Wednesday, November 24, 2010
Blue-Winged Wasps (Scolia dubia) are in the family Scollidae and are found east of the Rocky Mountains. They are very common in Missouri and are usually seen in late summer or early fall. The one pictured here finds the taste of goldenrod much to its liking. These are not large wasp with a total body length up to one inch. They are mostly black with 4 reddish colored segments on their abdomen and two bright yellow spots midway down the abdomen. Their wings are metallic blue just as their common name suggests.
Males and females engage in elaborate mating rituals that involve the male dancing to attract the attention of the female. After mating, the female will dig in the ground searching for the grubs of Green June Beetle grubs, or Japanese Beetle grubs to sting and paralyze. Then she will dig deeper into the soil and create a chamber to place the grub. She will then lay an egg on the beetle larvae. When the egg hatches the young wasp larvae will feed on the paralyzed grub. After consuming the entire grub the wasp larvae are ready to create a pupa and spend the winter underground tucked away all safe and snug out of the winter cold. The following spring, perhaps in May they will emerge from the pupal cell and dig their way out from underground and take flight for the first time. As adults they will feed on the nectar of a wide variety of flowers and can be found along roadsides, in prairies, backyards, meadows, and in gardens.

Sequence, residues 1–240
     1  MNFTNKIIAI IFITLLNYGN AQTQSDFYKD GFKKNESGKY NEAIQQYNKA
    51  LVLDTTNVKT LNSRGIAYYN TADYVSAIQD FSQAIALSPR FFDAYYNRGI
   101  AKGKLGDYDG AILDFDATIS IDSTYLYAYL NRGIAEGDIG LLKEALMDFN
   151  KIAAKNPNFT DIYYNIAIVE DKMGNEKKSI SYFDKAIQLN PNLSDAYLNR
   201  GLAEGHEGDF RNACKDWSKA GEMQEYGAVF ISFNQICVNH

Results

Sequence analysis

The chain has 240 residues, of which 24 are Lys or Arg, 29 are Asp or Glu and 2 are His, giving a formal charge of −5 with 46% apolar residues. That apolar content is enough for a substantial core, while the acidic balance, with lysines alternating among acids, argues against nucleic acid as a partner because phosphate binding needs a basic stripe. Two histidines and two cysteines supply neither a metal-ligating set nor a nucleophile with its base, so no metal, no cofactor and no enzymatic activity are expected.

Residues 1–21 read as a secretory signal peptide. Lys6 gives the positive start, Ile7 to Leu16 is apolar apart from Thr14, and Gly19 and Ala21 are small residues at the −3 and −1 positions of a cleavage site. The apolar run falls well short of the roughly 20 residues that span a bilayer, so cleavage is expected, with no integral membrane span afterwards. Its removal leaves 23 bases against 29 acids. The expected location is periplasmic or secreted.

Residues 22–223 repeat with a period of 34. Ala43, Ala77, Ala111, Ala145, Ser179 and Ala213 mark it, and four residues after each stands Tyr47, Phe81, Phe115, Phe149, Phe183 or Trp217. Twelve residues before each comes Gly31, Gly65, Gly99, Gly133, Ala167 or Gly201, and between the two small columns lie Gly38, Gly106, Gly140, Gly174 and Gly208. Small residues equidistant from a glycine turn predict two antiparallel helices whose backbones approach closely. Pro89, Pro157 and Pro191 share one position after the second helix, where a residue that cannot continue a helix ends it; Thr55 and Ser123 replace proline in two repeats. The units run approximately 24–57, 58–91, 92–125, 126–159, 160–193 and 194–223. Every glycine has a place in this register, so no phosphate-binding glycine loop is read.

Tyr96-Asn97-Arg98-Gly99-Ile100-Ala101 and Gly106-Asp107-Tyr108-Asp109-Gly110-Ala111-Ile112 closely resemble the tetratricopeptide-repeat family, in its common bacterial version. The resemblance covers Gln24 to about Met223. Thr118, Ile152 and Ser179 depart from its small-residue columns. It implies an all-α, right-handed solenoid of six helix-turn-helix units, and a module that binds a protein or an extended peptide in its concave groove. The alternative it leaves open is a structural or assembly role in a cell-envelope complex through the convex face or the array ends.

Because of their preference for using Green June Beetle grubs and Japanese Beetle grubs these wasps are considered beneficial. They do their part to help control the populations of these often times harmful insects.They are also a mild tempered wasp and are not aggressive towards humans. The main reason for this calmer demeanor is the lack of hives, queen and siblings to protect. Because of their solitary lifecycle and lack of parental or offspring care they have nothing to feel aggressive about.